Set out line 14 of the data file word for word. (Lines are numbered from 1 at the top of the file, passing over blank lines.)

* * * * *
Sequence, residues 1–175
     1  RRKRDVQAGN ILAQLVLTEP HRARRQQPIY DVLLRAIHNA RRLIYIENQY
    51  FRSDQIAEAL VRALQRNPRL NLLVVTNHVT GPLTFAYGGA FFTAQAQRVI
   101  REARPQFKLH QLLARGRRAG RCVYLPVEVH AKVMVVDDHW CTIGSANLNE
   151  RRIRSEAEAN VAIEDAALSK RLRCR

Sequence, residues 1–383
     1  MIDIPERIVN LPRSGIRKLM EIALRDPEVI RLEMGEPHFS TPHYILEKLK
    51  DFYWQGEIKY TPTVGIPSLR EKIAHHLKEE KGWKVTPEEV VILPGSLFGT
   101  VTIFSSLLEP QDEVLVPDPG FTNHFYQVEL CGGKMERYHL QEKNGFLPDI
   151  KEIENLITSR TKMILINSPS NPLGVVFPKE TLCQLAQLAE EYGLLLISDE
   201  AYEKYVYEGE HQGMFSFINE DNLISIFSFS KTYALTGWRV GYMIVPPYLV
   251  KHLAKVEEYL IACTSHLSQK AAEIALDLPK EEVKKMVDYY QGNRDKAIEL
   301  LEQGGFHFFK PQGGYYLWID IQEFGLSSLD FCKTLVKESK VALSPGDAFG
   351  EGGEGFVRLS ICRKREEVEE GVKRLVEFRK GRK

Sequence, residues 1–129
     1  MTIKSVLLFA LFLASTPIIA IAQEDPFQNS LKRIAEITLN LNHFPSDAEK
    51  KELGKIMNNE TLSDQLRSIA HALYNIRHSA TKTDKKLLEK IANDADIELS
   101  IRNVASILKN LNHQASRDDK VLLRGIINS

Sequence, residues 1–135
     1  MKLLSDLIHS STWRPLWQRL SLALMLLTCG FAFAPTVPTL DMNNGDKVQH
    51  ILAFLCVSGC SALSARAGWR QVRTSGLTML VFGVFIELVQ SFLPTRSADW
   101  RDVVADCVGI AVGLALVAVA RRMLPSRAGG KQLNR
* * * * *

   351  EGGEGFVRLS ICRKREEVEE GVKRLVEFRK GRK